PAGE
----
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Ridley enjoys 'more freedom' at Falcons rookie minicamp

Atlanta Falcons offensive coordinator Steve Sarkisian, left, looks on as first round draft pick wide receiver Calvin Ridley catches a pass at the team's NFL football rookie minicamp, Friday, May 11, 2018, in Flowery Branch, Ga. (Curtis Compton/Atlanta Journal-Constitution via AP)

Even with temperatures in the mid-80s for the opening day of the Falcons rookie minicamp, wide receiver Calvin Ridley wore long sleeves under his red No. 18 jersey.

He just couldn't resist.

It's a freedom that was never allowed for skill position players in Ridley's college career under Alabama coach Nick Saban.

"Oh man, I didn't get to wear this in college so I had to do it," Ridley said. "Coach really didn't like us to wear long sleeves and I had to do it. I had to try."

As an NFL first-round draft pick , Ridley was enjoying some new-found flexibility during his first practice as a professional.

"I can have my shirt out a little bit," he said, holding the bottom of his jersey. "I don't have to tuck my shirt in."

Long sleeves? Shirt untucked?

Sorry coach Saban, but there's more.

At times on Friday, Ridley even took off his helmet.

"It's a little different to take my helmet off all the time," Ridley said, smiling while recalling his days under Saban's strict watch. "A little more freedom. It's cool, though."

Ridley may have felt like a rebel while catching passes in his first Falcons practice, but soon his old college rules will become a distant memory. The young wide receiver may quickly shed the long sleeves when the full Falcons roster is together for mandatory minicamp in June and training camp in July.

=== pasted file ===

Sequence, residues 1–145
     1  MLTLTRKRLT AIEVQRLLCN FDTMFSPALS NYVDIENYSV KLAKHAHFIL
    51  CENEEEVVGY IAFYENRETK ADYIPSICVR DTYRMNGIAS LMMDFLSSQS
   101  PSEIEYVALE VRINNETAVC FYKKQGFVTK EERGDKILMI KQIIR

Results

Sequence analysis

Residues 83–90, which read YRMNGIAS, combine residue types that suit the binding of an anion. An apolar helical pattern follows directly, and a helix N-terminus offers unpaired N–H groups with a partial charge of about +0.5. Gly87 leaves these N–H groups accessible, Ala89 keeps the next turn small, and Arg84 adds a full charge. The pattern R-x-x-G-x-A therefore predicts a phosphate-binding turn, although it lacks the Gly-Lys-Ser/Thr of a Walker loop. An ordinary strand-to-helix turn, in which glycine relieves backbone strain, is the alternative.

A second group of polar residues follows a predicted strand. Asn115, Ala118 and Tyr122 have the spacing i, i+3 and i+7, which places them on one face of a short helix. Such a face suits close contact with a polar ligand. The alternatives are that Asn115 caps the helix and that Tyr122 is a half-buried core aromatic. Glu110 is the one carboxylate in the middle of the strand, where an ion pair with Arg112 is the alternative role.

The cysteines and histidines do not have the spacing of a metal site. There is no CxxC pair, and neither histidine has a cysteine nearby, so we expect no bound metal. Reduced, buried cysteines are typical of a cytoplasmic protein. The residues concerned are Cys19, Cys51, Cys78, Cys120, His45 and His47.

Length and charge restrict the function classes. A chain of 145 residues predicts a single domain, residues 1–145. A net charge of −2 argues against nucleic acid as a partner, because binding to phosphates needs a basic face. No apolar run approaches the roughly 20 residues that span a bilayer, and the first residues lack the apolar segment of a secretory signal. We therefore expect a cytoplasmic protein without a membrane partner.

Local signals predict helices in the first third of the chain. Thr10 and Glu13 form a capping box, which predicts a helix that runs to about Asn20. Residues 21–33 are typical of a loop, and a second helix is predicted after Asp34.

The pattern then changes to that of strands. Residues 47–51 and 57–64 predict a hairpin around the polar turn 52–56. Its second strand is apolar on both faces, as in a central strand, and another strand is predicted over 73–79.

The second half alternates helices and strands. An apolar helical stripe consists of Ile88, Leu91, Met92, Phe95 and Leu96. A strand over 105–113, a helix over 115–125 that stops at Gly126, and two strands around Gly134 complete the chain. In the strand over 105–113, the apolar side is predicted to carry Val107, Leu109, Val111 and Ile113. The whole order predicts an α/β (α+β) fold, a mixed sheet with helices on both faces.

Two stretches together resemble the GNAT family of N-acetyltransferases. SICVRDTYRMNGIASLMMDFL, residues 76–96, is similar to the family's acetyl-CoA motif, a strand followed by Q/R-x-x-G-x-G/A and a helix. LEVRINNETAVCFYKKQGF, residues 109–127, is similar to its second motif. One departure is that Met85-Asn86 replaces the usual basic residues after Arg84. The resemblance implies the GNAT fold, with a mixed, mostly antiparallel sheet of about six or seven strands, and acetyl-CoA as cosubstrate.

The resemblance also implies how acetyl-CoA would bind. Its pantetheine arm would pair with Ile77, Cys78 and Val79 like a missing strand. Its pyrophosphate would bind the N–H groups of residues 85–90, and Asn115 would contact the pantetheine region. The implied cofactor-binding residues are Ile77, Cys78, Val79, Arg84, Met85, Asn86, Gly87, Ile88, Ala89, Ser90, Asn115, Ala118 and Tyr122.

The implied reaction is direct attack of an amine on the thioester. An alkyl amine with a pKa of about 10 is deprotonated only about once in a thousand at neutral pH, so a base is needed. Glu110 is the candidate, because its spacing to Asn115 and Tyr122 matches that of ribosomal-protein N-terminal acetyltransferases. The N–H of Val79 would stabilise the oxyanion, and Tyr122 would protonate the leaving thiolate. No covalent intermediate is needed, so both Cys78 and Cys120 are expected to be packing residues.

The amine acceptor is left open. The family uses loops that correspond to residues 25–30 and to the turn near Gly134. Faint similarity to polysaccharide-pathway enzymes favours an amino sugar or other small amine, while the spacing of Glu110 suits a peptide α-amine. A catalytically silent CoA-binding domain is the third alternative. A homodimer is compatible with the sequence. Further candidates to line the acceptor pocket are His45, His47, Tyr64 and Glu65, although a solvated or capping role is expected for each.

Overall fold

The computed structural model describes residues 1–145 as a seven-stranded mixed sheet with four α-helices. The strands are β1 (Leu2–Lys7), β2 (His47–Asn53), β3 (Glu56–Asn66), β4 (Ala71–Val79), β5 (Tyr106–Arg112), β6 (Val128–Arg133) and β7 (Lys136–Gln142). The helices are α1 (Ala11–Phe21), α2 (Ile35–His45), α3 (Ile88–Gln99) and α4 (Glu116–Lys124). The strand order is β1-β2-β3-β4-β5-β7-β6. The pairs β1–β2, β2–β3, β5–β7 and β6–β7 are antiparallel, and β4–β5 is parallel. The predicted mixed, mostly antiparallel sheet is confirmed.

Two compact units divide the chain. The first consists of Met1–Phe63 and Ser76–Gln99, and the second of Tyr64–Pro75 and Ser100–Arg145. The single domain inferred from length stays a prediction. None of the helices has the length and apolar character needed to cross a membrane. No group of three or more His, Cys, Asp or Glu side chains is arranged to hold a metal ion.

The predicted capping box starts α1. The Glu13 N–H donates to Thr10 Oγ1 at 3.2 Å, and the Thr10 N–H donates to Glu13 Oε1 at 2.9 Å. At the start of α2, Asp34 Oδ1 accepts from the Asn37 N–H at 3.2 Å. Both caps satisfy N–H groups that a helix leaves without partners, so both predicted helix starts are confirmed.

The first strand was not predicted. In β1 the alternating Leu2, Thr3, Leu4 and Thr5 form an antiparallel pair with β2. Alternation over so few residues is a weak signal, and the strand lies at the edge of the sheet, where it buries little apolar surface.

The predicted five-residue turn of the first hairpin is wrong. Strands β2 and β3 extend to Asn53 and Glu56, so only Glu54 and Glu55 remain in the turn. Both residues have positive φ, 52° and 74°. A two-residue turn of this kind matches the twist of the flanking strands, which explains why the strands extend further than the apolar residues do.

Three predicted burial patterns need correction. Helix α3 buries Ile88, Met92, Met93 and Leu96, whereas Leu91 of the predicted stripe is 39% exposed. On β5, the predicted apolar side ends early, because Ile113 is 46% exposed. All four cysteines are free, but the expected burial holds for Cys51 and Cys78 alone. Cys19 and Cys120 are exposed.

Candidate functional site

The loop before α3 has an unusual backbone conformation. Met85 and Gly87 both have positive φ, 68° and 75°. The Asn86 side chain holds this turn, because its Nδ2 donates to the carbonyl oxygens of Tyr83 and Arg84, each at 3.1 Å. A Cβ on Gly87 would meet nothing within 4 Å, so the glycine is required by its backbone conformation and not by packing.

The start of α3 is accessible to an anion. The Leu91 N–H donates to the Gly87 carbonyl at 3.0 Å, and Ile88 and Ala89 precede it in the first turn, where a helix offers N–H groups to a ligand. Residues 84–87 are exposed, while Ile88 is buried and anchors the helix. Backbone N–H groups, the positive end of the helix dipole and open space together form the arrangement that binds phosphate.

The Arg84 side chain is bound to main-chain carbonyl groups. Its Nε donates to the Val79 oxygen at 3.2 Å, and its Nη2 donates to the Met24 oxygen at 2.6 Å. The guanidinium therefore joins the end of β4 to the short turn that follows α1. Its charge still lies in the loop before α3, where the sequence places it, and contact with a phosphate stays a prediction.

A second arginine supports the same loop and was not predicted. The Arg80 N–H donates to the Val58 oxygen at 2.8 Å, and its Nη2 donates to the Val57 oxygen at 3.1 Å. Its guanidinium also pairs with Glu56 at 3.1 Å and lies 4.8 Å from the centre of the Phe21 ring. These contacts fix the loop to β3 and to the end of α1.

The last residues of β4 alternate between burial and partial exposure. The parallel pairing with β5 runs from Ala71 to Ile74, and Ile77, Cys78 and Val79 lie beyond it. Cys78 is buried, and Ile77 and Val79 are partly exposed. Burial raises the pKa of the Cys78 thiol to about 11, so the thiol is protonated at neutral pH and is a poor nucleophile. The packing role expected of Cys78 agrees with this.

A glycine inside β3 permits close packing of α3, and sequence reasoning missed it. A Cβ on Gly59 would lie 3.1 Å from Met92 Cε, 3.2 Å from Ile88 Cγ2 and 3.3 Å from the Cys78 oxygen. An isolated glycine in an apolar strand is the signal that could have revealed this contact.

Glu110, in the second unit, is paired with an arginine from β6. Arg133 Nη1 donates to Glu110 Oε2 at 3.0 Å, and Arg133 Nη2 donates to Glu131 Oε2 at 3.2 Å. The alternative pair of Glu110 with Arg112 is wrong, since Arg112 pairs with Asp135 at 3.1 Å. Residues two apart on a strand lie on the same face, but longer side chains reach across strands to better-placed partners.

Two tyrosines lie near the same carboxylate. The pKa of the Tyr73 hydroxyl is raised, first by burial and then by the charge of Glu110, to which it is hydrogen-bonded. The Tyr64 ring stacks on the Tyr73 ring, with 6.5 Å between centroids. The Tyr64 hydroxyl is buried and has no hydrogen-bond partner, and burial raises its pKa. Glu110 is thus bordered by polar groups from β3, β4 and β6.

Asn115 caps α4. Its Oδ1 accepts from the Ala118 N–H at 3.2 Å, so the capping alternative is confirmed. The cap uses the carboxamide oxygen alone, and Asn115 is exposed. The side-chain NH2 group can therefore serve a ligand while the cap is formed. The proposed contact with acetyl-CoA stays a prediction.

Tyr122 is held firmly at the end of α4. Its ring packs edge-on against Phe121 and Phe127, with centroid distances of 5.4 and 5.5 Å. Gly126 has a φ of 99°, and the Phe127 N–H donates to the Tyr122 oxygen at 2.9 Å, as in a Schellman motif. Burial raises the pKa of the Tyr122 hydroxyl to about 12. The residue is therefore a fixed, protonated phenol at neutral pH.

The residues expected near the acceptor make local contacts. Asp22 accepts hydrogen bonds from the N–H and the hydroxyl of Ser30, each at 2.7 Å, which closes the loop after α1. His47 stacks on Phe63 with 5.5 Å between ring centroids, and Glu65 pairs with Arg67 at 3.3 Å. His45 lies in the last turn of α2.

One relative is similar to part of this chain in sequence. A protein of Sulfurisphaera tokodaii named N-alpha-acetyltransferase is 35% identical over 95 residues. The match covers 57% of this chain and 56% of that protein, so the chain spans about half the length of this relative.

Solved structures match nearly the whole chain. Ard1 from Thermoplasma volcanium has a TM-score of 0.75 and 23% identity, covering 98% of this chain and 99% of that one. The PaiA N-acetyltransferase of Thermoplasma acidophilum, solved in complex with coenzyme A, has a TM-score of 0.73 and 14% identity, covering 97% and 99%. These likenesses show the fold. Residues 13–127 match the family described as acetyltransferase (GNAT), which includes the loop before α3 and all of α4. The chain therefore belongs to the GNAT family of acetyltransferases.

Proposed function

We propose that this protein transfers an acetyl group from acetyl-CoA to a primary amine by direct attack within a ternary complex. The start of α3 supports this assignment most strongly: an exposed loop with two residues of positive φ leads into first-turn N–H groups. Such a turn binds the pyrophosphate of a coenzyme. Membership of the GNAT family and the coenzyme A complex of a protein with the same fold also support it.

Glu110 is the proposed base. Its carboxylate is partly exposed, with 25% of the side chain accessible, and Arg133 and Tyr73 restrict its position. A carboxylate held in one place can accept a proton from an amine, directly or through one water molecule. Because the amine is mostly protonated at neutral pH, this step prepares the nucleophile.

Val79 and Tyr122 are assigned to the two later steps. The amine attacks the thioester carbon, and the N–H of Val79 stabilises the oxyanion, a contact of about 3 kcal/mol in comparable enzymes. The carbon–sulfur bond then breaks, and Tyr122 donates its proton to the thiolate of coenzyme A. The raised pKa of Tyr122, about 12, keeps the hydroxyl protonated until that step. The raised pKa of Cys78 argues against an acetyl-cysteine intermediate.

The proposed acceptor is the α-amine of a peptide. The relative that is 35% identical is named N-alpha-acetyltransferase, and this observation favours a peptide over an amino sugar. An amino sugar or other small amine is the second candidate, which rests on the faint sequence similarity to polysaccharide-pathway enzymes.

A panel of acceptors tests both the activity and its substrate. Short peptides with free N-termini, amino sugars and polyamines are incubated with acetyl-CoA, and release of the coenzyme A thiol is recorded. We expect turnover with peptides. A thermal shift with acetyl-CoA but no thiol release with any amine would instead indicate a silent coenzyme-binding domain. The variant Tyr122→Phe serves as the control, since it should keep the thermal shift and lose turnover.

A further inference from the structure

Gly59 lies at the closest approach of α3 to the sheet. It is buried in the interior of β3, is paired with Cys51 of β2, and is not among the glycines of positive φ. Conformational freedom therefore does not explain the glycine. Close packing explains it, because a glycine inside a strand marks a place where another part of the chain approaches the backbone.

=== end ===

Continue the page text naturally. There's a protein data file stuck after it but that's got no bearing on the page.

Besides, there are more important matters in Ridley's mind. He must learn the Falcons playbook as he tries to prove he can join veteran receivers Julio Jones and Mohamed Sanu as another top target for quarterback Matt Ryan .

On Friday, Ridley may have been too eager to show he can meet expectations that come with being a first-round draft pick.

Ridley acknowledged he was "just very excited" and may have tried to move too fast while running plays with other draft picks and 27 undrafted rookies participating in the camp.

On the first play following a water break, Ridley ran a crossing route over the middle and had the ball fall to the ground off his hands. He appeared to turn up field before securing the ball.

"I want to play fast and I've got to slow it down a little bit to learn better and get comfortable, and I'm going to be fine," he said.

Coach Dan Quinn said it's a common first-day scenario for rookies.

"Like most of the guys, they want to do right so well, they want more reps, more turns to get rolling," Quinn said. "It's a good lesson. Stay in the moment of this play. That's not uncommon for any of them."

The Falcons expect Ridley to make an immediate impact as another playmaker on an offense that suffered a decline in 2017 after leading the NFL in scoring in 2016. He finished his college career ranked second on the Alabama records, behind Amari Cooper, for catches and TD catches.

Ridley is the only unsigned player among Atlanta's six draft picks. He said he is leaving the contract negotiations to his agents.

"I'm just letting my people work," he said. "... I'm worried about football."

NOTES: Russell Gage, one of two sixth-round picks , was listed as a wide receiver in the NFL draft, but he worked at cornerback on Friday. "Just to make sure where we're going to put him," Quinn said. Gage played both positions at LSU and will move back to offense when the minicamp continues on Saturday. Quinn said he may work other players at more than one position.

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